Photo credit: Doug Beegle
After corn silage harvest is complete, one of the next jobs is spreading manure. Two important things to consider for fall manure application are timing and cover crop management. The best scenario would be if we did not have to apply manure in the fall for next year’s corn crop. With fall manure application, significant nutrient losses are almost inevitable because the manure is lying on the field for a long period of time. However, there are some important things we can do to reduce these losses. One of the most important things we can do is establish a cover crop where manure will be applied in the fall or winter. Having a cover crop will generally double the recovery of fall- and winter-applied manure nitrogen (N) by next year’s corn crop. Also, if you plan to apply manure during the winter, state regulations require that you either have greater than 25% residue or an established cover crop. In bare corn silage ground, a cover crop is the only option for meeting this regulation. Under Act 38 (PA’s Nutrient Management Act), the following conditions meet the definition of “winter”: December 15 to February 28; frozen ground (4 inch depth); or snow-covered ground.
Manure can be applied before or after cover crop establishment. Generally, the priority should be getting the cover crop established, and then spreading manure. This gets the cover crop established in a timely fashion in order to ensure good cover going into the winter. It also delays manure application, which reduces the time the manure is exposed for loss. The cover crop is able to start growing, and when manure is applied, the cover crop will be ready to take up the manure nutrients and hold them against loss. Delaying manure application will possibly get us into colder weather; in this scenario, the manure nutrients will not be released as rapidly, reducing the exposure of the available nutrients to loss. The main downside to applying manure after cover crop establishment is the potential for smothering if high solids manure is applied at a heavy rate.
In some cases, applying manure before cover crop establishment is necessary - if the storage is full, for example. This will delay cover crop planting until the manure and the soil have dried out enough for planting. Also, with early fall manure applications when the weather is still warm, there is much greater potential for manure N to volatilize unless it is quickly incorporated by tillage or rain. The loss of N at this time of year is similar to what we see with surface applications in the spring. Most of this loss occurs within the first 2 days after application, so if incorporation is not immediate, then there will be little or no N benefit from fall tillage. This creates a dilemma because, while fall tillage may reduce N loss, it opens us up to other losses, mainly through erosion. The erosion factor can be reduce if a cover crop is established, but now we are looking at harvesting silage, spreading manure, tilling the soil, and finally planting the cover crop. This could get us pretty late into the fall before all of this is done. Low disturbance injectors would be a good alternative for this early fall application, because they get the manure incorporated immediately, no tillage is required, and the cover crop can be planted much sooner.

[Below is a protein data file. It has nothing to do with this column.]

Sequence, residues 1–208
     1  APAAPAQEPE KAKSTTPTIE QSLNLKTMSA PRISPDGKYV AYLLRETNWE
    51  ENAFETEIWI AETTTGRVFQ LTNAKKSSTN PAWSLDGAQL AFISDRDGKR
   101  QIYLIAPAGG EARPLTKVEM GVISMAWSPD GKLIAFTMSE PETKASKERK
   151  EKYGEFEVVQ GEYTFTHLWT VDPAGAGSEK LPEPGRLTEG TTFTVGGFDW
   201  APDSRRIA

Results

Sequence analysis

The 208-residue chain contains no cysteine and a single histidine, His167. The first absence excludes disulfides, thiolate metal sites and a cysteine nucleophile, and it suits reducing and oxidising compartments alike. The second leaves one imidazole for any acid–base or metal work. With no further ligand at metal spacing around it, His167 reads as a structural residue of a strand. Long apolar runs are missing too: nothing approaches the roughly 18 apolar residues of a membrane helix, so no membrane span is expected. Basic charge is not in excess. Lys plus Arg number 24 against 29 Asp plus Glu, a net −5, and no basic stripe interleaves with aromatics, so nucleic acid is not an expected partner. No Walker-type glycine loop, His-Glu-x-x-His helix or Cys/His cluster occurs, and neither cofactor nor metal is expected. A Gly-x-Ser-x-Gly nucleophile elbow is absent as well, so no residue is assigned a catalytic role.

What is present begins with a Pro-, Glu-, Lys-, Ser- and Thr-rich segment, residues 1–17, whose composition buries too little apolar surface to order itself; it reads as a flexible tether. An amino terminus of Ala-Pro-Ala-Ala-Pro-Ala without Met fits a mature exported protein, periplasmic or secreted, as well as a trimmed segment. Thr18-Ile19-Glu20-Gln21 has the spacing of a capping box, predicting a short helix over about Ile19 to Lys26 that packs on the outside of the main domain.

A few closing thoughts on fall manure applications. Pay attention to soil conditions. Driving heavy manure application equipment on wet soils can result in severe compaction that may take years to rectify. This is another reason to get the cover crop established and delay manure applications until better soil conditions are present.
Also, make sure your nutrients are in balance. If you are applying manure this fall for next year’s crop, take that into consideration when you plan your spring and summer fertility program. If manure is applied in both the fall and the spring, higher rates of additional fertilizer may not be needed.
In the Agronomy Guide, Tables 1.2-14 (Manure nitrogen availability factors for use in determining manure application rates based on planning conditions) and 1.2-15 (Factors for calculating manure nitrogen availability based on time of application, incorporation, field history, and manure analysis with ammonium and organic N fractions) can be used to calculate the amount of nitrogen available for the following year’s crop. Examples of the calculations are found immediate following those tables in the Agronomy Guide. Manure management plans and nutrient management plans also have these calculations in them. Consult your local Extension Office or Conservation District for assistance with these plans if you do not already have one.